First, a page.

Mobile users who thought they were unaffected by the Meltdown flaw affecting Intel chips are suddenly not quite so secure. A second flaw, dubbed Spectre, has been discovered – and this time it affects ARM processors, as well as Intel and AMD chips. This means that all mobile devices that use ARM architecture (and that’s pretty much all of them) are now in danger of attack.
More specifically, Cortex A8, A9, A15, A17, A57, A72, A73 and A75 processors are affected by one or more of the three exploits described.
The popular A53 core is the only missing 64-bit CPU. All major ARM licensees that provide or use mobile chips (Samsung, Qualcomm, Mediatek, Huawei) have products build using these key components.
- Huawei's high end Kirin 970, used in the Mate 10 and Mate 10 Pro, uses the A73 core.
- The A57 can be found in the Samsung Exynos 7420 Octa, which in turn powered the Samsung Galaxy S6 series.
- The Qualcomm Snapdragon 650 MSM8956 processor is particularly popular in the mid range segment where it powered the Sony Xperia X.
- The iPhone 4S used the Cortex A9 in the Apple A5. The iPhone 4 and 3GS also used ARM-based chips that were vulnerable.
- Mediatek's Helio X20 powers a slew of top of the range smartphones from China (including the Xiaomi Redmi Pro)and uses Cortex A72 CPU to drive it.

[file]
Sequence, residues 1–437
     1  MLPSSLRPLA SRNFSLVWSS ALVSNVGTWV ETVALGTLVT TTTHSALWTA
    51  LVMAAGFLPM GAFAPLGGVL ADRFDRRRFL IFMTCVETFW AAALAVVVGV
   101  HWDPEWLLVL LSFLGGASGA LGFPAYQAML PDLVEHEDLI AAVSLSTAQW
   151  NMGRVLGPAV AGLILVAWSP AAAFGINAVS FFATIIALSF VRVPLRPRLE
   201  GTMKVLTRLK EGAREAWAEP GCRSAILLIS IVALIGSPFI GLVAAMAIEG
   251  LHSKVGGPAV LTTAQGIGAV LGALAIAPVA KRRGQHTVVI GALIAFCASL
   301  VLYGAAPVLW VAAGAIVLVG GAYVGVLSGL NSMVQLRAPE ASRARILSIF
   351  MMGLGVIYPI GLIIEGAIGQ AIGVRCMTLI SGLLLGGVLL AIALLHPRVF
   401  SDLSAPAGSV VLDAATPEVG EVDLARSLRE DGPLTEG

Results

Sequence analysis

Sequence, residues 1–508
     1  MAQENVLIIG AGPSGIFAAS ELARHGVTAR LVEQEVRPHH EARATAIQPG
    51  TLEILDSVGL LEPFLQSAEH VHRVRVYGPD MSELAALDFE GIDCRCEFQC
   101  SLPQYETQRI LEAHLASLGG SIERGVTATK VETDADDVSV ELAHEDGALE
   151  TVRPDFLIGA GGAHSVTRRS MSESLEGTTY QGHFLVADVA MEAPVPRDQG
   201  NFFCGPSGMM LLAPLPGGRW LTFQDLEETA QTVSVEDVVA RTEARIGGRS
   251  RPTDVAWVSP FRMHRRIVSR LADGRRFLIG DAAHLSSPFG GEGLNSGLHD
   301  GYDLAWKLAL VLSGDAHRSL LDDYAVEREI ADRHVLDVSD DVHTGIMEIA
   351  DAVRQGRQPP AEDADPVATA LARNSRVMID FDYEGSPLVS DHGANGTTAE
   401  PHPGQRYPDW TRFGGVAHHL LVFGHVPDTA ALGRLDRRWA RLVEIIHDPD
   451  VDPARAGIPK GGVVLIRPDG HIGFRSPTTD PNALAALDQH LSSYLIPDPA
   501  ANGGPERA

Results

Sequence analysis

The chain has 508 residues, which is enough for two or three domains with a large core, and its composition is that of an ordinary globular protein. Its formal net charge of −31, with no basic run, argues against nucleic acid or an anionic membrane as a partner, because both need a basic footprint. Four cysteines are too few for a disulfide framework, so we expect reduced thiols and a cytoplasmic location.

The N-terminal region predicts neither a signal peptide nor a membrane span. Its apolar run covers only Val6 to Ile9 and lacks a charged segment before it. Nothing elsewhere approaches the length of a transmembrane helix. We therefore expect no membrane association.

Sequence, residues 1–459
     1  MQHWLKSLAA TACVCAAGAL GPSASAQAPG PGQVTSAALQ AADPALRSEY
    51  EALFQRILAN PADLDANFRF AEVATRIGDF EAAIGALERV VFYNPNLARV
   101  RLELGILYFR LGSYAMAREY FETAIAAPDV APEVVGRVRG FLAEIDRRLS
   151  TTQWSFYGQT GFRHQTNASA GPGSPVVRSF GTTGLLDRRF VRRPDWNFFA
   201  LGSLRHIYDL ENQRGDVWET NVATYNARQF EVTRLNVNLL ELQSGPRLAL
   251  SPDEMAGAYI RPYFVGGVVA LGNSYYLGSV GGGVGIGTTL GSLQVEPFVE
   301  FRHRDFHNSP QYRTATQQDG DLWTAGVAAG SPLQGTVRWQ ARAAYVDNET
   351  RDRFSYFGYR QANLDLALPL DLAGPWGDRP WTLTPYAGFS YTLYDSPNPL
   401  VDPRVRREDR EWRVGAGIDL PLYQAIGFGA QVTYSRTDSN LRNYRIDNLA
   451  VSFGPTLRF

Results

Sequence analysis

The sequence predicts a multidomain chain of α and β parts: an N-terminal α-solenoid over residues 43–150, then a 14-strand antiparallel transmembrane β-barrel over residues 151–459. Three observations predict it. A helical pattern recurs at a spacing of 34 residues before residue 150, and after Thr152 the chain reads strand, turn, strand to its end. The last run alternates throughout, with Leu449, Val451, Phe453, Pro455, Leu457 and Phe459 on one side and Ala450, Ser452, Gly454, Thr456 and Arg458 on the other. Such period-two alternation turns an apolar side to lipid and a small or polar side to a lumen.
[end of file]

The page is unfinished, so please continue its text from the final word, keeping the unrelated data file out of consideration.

The flaws were discovered by several teams, working independently. Meltdown was detected by researchers working for Google Project Zero, and was reported to Intel in June last year.
The vulnerability was then picked up by teams at Graz University of Technology and Cyberus Technology. Jann Horn’s team at Google Project Zero also identified Spectre first, but researchers from a variety of institutions also confirmed the flaw.
A blog post from the team at the Graz University sets out the difference between the two flaws. “Meltdown breaks the mechanism that keeps applications from accessing arbitrary system memory. Consequently, applications can access system memory. Spectre tricks other applications into accessing arbitrary locations in their memory. Both attacks use side channels to obtain the information from the accessed memory location.”
Good and bad news
There’s good and bad news about Spectre: the, relatively, good news is that it’s a harder flaw to exploit, not something that’s likely to be exploited by the archetypal teenage hacker sitting in his bedroom, but it’s a weakness that could well be exploited by state security services and criminal gangs. However, the bad news is that there’s no known fix for the flaw. There are, however, no known attacks in the wild.
In a statement, Intel said it was working with ARM and AMD to address the flaw. ARM has put out a security briefing note, indicating which chips could have been affected by Spectre.
The company also advises its users to ensure that users are careful to follow good practice to stay as safe as possible. “It is important to note that this method is dependent on malware running locally which means it's imperative for users to practice good security hygiene by keeping their software up-to-date and avoid suspicious links or downloads,” said the company in its briefing note.